How do I know if God is calling me to be a priest, or get married, or whatever?
Some people hear the call to religious life when they are in first grade. Others seem to receive the call after they have spent a decade in a professional career. Each calling is a bit different. But whether you hope to get married, be ordained, or live a life offered to God through religious vows, all are ways of serving God. Some people also serve God in the single life. We can know what God is calling us to if we learn to listen to him.
Here are several things you can do to listen to him.
Set a daily prayer time and stick to it. To hear God’s calling, you must listen. To listen to God, we must learn to pray. To learn to pray, we must make time to pray and ask the Holy Spirit to teach us how. Listening to him involves patience and obedience, so be still in your prayer time and allow God to speak in the silence of your heart. This takes practice, but like any good relationship, your relationship with God will deepen according to how much effort you put into it. Sin damages this relationship, so work toward holiness.
Though we may not associate chastity with discernment, it is an essential virtue if we hope to hear our calling. When a young man or woman is indulging in sexual sin, the mind seems to be filled with such dull and heavy thoughts that he or she can hardly recognize the voice of God.
Also, it is wise to find a holy priest who can act as your spiritual director. He probably has been listening to God’s voice since before you were born, so you can benefit from his sanctity. Also speak about your vocation with people whose holiness and joy you admire.
Pope John Paul II advises: “In the first place I say this: you must never think that you are alone in deciding your future! And second: when deciding your future, you must not decide for yourself alone!” “Confidently open your most intimate aspirations to the love of Christ who waits for you in the Eucharist. You will receive the answer to all your worries and you will see with joy that the consistency of your life which he asks of you is the door to fulfill the noblest dreams of your youth.” “The search and discovery of God’s will for you is a deep and fascinating endeavor. Every vocation, every path to which Christ calls us, ultimately leads to fulfillment and happiness, because it leads to God, to sharing in God’s own life.”
If you are considering the priesthood, it is beneficial to spend some time on a good discernment retreat, if one is available. One other method of discernment is to reflect on your life: look at what doors the Lord has opened or shut in your life, and look at what talents he has given you and what desires he has placed in your heart. Often we complicate the discernment process more than we need to, and we lose our peace. Whatever vocation God calls you to, this will be the place where you will have the most joy. Each vocation will have plenty of suffering as well, but all vocations are ways that we can become holy.
Some guys assume, “I think women are beautiful, so God must not want me to be a priest.” But this is not sincere discernment. I know of a mother superior of nuns who gave some surprising advice to a group of young men who were discerning the priesthood. She lovingly said to the seminarians, “If you have no desire to be a father and a husband, we don’t want you here. Good-bye.” In other words, in order to be a good priest, a man must long to become a father and a spouse. If those urges are not within his heart, how can be become a spiritual father? How can he give himself fully for his bride, the Church? When a man becomes a priest, he is not annihilating those desires. He is fulfilling them in a different way. Instead of giving himself to a woman in order to bring children into this world, he gives himself to the Church in order to bring us into eternal life.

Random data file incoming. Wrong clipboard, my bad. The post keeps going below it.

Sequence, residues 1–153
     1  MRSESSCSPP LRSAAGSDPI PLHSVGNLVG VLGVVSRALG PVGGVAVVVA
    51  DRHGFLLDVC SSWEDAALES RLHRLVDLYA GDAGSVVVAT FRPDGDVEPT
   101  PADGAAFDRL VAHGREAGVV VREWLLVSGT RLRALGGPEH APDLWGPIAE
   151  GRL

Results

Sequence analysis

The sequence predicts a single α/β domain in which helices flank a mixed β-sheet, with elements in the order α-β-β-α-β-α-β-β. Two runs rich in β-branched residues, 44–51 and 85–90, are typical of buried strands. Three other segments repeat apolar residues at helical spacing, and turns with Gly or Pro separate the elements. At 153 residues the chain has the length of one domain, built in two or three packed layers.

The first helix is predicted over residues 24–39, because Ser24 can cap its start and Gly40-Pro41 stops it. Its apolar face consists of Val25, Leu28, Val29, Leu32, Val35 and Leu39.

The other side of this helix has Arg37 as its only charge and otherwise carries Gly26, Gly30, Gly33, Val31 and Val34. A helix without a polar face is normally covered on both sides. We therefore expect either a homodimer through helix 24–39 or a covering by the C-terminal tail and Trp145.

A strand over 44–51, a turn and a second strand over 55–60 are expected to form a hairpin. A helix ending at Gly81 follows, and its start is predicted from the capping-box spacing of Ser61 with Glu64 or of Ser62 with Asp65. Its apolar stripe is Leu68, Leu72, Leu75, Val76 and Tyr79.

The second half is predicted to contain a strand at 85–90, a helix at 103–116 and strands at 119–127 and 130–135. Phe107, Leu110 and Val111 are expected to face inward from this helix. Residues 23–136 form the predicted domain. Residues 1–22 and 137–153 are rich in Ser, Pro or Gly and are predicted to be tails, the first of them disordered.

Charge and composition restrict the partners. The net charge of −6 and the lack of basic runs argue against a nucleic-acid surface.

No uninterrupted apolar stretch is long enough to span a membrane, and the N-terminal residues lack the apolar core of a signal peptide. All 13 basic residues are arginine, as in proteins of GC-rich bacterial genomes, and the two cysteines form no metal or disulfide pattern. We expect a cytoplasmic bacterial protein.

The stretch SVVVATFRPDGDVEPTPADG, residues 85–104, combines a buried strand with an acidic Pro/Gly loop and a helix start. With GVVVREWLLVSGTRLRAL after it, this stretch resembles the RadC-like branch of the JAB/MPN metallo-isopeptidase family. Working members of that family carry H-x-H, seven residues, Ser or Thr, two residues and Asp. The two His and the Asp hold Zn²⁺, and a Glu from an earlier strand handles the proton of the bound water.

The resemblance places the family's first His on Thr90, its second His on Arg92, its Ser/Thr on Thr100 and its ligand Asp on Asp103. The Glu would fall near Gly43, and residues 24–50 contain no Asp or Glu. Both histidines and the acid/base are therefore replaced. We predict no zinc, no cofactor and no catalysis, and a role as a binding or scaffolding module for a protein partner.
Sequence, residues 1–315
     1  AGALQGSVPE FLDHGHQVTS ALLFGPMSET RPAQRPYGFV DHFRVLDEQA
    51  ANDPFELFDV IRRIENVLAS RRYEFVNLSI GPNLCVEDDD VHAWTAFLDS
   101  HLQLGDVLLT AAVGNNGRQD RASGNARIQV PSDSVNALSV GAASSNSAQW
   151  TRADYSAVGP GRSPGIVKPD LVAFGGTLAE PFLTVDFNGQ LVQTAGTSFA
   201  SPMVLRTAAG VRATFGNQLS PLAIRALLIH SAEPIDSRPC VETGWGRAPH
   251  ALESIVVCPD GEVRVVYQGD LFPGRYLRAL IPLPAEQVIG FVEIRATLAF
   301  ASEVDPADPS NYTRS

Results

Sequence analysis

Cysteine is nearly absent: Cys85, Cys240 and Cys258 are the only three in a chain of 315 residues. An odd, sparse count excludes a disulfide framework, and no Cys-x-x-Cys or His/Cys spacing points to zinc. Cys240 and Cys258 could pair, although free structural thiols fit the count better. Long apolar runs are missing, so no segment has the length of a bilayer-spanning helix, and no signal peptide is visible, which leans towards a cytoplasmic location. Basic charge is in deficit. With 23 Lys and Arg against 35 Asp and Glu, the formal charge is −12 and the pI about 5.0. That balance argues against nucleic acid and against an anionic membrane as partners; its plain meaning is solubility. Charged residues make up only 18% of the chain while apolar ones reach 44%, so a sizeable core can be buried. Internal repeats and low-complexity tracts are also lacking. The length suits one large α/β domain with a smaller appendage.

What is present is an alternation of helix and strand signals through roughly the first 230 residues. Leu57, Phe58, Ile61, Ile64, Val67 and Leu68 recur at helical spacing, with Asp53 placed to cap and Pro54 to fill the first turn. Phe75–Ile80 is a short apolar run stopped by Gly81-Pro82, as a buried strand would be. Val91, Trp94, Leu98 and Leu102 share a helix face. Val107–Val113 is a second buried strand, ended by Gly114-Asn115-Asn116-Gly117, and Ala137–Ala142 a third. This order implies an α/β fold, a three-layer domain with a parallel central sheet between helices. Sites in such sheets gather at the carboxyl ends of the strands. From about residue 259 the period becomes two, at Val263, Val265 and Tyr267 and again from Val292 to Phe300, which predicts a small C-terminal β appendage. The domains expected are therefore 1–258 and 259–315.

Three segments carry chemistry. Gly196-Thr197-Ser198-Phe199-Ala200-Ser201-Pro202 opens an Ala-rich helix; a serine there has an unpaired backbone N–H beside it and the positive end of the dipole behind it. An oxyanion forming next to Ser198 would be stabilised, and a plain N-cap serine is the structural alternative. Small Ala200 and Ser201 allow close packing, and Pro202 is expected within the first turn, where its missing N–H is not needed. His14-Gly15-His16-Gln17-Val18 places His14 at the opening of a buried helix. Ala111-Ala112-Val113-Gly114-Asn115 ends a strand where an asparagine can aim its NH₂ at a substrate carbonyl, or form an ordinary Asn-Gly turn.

During this time of discernment, be patient. Often God does not want us to know his will regarding the future. That may sound strange, but we grow in the times where he seems silent. His will is our holiness, and trusting in him during this time of uncertainty may be all he is calling you to right now. In the meantime I recommend that you pray one Hail Mary each day for your vocation. During your prayer time, be open to the promptings of the Holy Spirit, who speaks with consistency. During the 2002 World Youth Day in Canada, Pope John Paul II exclaimed, “[I]f, in the depths of your hearts, you feel the same call to the priesthood or consecrated life, do not be afraid to follow Christ on the royal road of the cross!”
May Our Lady guide you to hear the voice of her Son and give you the courage to respond generously. In the words of Pope John Paul II: “My desire is for the young people of the entire world to come closer to Mary. She is the bearer of an indelible youthfulness and beauty that never wanes. May young people have increasing confidence in her and may they entrust the life just opening before them to her.”
Lastly, I recommend you take a few minutes to watch the video Fishers of Men here to see a glimpse of the dignity of the priestly vocation. And, click here to look into some great religious orders for men.
. Pope John Paul II, address, May 31, 1982, Edinburgh, Scotland, as quoted by López, ed., The Meaning of Vocation, 10.
. Pope John Paul II, address, May 18, 1988, Asuncion, Paraguay, as quoted by López, ed., The Meaning of Vocation, 22.
. Pope John Paul II, address, January 13, 1996, Manila, Philippines, as quoted by López, ed., The Meaning of Vocation, 23.
. Pope John Paul II, address, October 16, 1987, Rome, Italy, as quoted by López, ed., The Meaning of Vocation, 33.